With regards the argument that the amendment would also cater to the women of the erstwhile state who were discriminated against if they chose to marry a non-permanent resident, the Petitioners submitted that the High Court of J&K had already ruled that marriage of daughter of a permanent resident of J&K with a non-resident shall not result in her losing her status post marriage.
The petitioners further proceeded in their rejoinder under the following heads:
Nature Of India's Federalism:
The petitioners submitted that Article 370 had enormous "symbolic value" inasmuch as it represented that India honored the promises made in its Constitution, to respect the will of the people of Kashmir.
It was further argued that the J&K was a "constituent unit" of India's federal structure by virtue of both the Indian Constitution as well as the Constitution of Kashmir, with a role to play in determining the character of that federal relationship. In this behalf they submitted,
"Negotiations and parleys with separatists and lapsed terrorists were conducted on the basis of the framework of Article 370: this Article, therefore, firmly linked the fate of J&K with India, while also providing flexibility w.r.t. to states' rights, within the bounds of Indian federalism. It was therefore, a shining example of the "pluralistic federalism" that is the hallmark of Indian Constitutionalism."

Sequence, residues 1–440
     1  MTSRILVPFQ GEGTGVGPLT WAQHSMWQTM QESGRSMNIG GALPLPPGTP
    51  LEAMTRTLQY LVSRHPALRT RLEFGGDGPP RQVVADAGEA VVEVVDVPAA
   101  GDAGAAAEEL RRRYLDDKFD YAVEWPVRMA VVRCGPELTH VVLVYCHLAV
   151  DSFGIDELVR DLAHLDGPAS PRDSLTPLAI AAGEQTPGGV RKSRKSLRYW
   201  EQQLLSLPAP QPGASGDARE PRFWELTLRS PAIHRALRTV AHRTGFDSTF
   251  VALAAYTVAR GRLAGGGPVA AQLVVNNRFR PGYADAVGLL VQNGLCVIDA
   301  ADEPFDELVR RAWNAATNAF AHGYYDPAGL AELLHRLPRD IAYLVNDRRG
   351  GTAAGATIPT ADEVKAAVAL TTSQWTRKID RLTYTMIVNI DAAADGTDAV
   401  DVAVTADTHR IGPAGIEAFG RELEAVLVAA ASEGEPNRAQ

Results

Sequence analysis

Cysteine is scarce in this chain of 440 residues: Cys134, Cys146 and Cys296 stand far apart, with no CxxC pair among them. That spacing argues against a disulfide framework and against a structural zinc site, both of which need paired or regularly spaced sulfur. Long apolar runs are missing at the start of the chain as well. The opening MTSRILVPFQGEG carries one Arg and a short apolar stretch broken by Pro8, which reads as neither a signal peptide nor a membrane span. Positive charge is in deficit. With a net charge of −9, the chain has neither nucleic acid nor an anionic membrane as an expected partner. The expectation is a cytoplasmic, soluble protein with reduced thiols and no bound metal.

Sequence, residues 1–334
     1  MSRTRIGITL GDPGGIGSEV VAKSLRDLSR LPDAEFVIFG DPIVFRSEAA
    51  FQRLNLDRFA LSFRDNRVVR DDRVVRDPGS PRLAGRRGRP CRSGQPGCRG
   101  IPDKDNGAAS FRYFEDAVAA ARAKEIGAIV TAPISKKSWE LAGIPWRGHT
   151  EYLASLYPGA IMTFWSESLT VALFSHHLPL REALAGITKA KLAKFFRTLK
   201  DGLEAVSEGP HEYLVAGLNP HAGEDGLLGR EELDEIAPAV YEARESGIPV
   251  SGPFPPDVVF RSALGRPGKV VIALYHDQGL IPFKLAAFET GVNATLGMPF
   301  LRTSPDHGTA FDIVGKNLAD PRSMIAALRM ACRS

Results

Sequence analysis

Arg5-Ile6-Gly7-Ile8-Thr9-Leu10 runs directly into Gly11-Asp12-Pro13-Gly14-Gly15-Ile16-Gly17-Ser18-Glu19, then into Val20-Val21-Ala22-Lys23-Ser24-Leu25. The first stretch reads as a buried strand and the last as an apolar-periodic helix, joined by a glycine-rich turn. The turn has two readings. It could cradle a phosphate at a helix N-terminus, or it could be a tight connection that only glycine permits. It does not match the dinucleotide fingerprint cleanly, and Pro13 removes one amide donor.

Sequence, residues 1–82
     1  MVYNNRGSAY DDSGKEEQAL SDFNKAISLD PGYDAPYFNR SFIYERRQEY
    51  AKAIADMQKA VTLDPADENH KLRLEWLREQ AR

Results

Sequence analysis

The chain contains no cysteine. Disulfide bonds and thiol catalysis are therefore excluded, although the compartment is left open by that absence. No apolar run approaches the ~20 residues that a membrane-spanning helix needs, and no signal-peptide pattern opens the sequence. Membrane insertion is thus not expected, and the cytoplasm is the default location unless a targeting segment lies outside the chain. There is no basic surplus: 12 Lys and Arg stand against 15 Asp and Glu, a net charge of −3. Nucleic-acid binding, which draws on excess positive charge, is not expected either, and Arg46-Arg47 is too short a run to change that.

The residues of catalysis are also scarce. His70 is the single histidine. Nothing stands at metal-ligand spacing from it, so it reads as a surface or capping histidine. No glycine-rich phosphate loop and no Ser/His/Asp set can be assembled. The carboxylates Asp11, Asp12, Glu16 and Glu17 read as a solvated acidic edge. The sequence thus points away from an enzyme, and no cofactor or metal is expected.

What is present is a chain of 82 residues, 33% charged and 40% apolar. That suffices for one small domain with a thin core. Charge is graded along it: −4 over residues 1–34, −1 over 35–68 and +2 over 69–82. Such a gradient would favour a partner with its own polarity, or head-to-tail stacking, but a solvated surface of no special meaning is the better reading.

Use Of Article 370(1)(D) To Effectively Amend Article 370(3):
With regards the State's contention that the power under Article 370(1)(d) was exercised by the President on as many as six occasions when the President's Rule was in force in Jammu & Kashmir and that at no time was any issue/challenge was ever raised against the exercise of this power, the petitioners submitted,
Either the method used on such occasions was fundamentally different or, the nature of the changes made was merely interpretative and not substantive, as in this case.
"the modification of sub-clause (d) is historically unprecedented. The text of Article 370 has never been – and indeed cannot be – amended substantively through the route of Article 367(4)…
Such a substantive change in powers is thus textually unsupported, historically unprecedented, and structurally unsound under the scheme of the Indian Constitution," the affidavit read.
On the argument that the "Parliament had wide scope of power under Article 370(1)(d) to modify the provisions of the Constitution in their application to J&K", the Petitioners contended,
"no matter how wide, the word "modification" does not cover the creation of substantive new powers altogether.
…even if it were to be held that the power of "modification" under Article 370 includes the power to create substantive new rights and obligations, that power is limited by the "foundational principles" of the Constitution…"
Implied Limitations Under President's Rule:
It was argued that no power is "untrammeled" in a Constitutional Democracy. Articles 356 and 357 that authorize and regulate President's Rule also place "implied limitations" upon its exercise and as such, the President is not empowered to bring about "fundamental and permanent alterations" to the very structure and "federal architecture" of a State.